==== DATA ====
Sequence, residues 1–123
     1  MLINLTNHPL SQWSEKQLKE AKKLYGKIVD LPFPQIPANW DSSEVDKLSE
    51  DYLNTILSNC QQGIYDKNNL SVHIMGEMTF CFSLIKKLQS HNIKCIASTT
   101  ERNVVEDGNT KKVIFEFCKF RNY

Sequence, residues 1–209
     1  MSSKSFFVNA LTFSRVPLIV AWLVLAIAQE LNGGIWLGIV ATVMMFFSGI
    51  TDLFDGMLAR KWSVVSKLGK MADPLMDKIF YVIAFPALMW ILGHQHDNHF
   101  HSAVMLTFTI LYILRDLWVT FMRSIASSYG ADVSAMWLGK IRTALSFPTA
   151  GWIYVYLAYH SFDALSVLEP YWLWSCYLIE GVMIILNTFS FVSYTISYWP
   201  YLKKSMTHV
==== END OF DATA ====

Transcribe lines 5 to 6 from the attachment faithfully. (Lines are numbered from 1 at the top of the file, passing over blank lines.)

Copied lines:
Sequence, residues 1–209
     1  MSSKSFFVNA LTFSRVPLIV AWLVLAIAQE LNGGIWLGIV ATVMMFFSGI